If you find yourself in a situation in Dungeons and Dragons where you have to roll a d100, then you might be scratching your head wondering just how you can do that. 100-sided dice are rare and you’re not likely to have one at hand. So how exactly can you roll a d-100?
If you find yourself wondering about this, then you’ve come to the right place! In this article, we’re going to be giving you the lowdown on how to roll a d100.
We’ll take you through some of the easiest ways to calculate this roll, and how some of the most common mistakes players make! We’ve also included a short Frequently Asked Questions section to cover some of the most common questions around this issue.
When Will I Need To Roll A D100?
If you’re new to D&D you probably haven’t come across a D100 before. They are used for many different reasons but generally, you’ll find them used when attempting to calculate percentages within a battle.
Percentages typically come about when determining either saving throws or large damage numbers.
A lot of the main uses for a D100 are for a DM, rather than for a player. DMs can use d100’s to work out some of the more complicated aspects of the game. Below are a list of some of the most common.
Potion Mixing: when mixing potions there is often a random element. This can determine the kind of potion that comes out the other end.
D100s can be used to determine these random elements through percentage. This is often something your DM will do behind their game board and isn’t something you’ll need to worry about as a player.
It is, however, possible that your DM has some additional rules to help you get involved, particularly if you are playing as an alchemist.
Random Movement: Random movement can occur from a few different sources. The most common is teleportation, in which your character might travel a random distance.
A D100 can be used to help you work this out. Random movement can also occur from potions or enemy spells, or other abilities such as gnomish bolts.
Random Item Abilities: Similar to random movement, some items have random effects that you might need to calculate through percentage. This can be done with a D100 die.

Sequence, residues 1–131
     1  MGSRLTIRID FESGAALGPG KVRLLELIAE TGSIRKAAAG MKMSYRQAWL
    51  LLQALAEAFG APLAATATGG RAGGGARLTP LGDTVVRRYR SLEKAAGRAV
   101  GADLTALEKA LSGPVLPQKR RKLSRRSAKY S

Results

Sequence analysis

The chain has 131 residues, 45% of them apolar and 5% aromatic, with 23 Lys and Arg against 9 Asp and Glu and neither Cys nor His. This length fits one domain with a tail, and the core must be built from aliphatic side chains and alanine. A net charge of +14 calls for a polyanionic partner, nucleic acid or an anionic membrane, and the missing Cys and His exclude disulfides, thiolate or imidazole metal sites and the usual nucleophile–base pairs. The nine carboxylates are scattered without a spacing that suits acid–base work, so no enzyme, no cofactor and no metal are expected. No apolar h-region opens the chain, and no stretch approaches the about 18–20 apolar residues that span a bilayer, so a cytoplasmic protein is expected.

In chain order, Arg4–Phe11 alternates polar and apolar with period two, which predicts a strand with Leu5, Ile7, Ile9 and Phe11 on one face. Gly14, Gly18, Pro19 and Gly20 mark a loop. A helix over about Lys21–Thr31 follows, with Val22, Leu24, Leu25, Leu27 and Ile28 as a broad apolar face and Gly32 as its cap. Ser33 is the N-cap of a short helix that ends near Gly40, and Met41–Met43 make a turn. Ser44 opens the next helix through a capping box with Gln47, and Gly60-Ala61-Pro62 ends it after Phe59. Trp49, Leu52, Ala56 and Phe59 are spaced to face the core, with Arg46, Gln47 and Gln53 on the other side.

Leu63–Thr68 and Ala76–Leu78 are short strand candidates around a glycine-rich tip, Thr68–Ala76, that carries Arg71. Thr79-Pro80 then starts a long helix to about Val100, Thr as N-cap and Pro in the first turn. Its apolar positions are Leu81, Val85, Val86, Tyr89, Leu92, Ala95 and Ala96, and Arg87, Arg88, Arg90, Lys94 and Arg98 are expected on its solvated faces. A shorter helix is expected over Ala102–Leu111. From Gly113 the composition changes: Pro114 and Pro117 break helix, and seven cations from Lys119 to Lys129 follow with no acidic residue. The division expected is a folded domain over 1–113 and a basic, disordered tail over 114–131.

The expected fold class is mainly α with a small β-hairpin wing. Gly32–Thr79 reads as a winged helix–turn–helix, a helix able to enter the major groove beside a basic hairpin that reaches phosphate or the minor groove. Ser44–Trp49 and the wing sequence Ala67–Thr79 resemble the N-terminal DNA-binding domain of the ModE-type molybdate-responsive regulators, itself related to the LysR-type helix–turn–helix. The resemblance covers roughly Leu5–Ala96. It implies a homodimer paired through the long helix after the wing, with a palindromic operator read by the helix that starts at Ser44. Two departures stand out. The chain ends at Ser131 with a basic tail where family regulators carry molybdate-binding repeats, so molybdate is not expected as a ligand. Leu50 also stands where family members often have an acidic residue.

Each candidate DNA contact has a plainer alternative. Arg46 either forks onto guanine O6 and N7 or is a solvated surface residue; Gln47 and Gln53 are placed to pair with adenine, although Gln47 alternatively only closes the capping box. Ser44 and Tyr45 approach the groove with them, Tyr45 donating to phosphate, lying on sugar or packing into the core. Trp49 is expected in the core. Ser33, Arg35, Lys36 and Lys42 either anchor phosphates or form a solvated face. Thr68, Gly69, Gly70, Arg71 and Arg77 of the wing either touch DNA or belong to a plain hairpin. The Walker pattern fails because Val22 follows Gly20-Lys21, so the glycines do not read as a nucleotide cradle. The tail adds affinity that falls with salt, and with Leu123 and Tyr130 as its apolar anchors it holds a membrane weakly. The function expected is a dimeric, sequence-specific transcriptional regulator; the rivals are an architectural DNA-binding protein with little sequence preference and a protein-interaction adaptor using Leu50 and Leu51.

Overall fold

Rolling A Physical 100-Sided Die
There isn’t much to explain about this first method. To put it bluntly, if you are in possession of a physical 100-sided die then you won’t have to worry too much about calculating anything.
You can simply use the die as you would any other, although it is likely to be a lot bulkier and feature a lot more numbers.
What Do I Do If I Don’t Have A Physical 100-Sided Die?
Online Tools: This is probably the most simple way of finding a way to make use of a 100 sided die. All you have to do is find an online 10 sided die and allow it to generate the roll for you.
Simple enough, and could be a quick fix to your issue if you have a phone with internet access available. Websites such as Rolladie.net give you the chance to do this without any difficulty!
Calculating: This is probably why you’ve clicked on this article. How do you calculate this yourself without use of an online tool or a physical 100-sided die?
Well, it gets a little bit more complicated when you have to do this. Players generally solve this by separating your rolls into decimal places.
For example, you can use 2d10 and assign one of them as the tens decimal place, and the other to be the single-digit number. So let’s say you roll 2d10 and get a 3 and a 5. The 3 would become thirty and the 5 simply stay as five, meaning you rolled 35!
It’s super simple and all you need to do! Just make sure you properly assign each dice roll and that everyone in the game knows, as this will help stop any arguments!
So there you have it! Rolling a D100 is not likely to be something you’ll come across in a common game of D&D, but it is something that you’ll need to consider once every now and then.
Players generally don’t need to worry about it, but if you’re in a campaign that has never had to consider it before, and the issue arises, then you have the opportunity to save the day with your new knowledge!
We hope that this article has given you some insight into larger dice rolls and that you now feel a lot more confident about the whole thing.
Generally, you’re going to have a way to roll a dice number no matter how high! Let’s just keep our fingers crossed and hope that the roll favors your character!
Frequently Asked Questions
Is Rolling A 20 Good In D&D?
Rolling a 20 is what we call a natural 20. This means that your character has performed the ability check perfectly, or much above their own ability. If you roll a natural 20 it generally means that you automatically check the pass that you’re attempting.
However, it is worth noting that a natural 20 doesn’t make you a god! For example, if you ask your DM if your character can fly up into the air, pick everyone in your party up and lift them all to safety – it’s very unlikely that this will be allowed.
Your DM might ask you to roll, but no matter what you roll this won’t be possible as it’s too unlikely within the story.
But as with all things in the game, the open-ended nature of D&D makes it worth a try, right?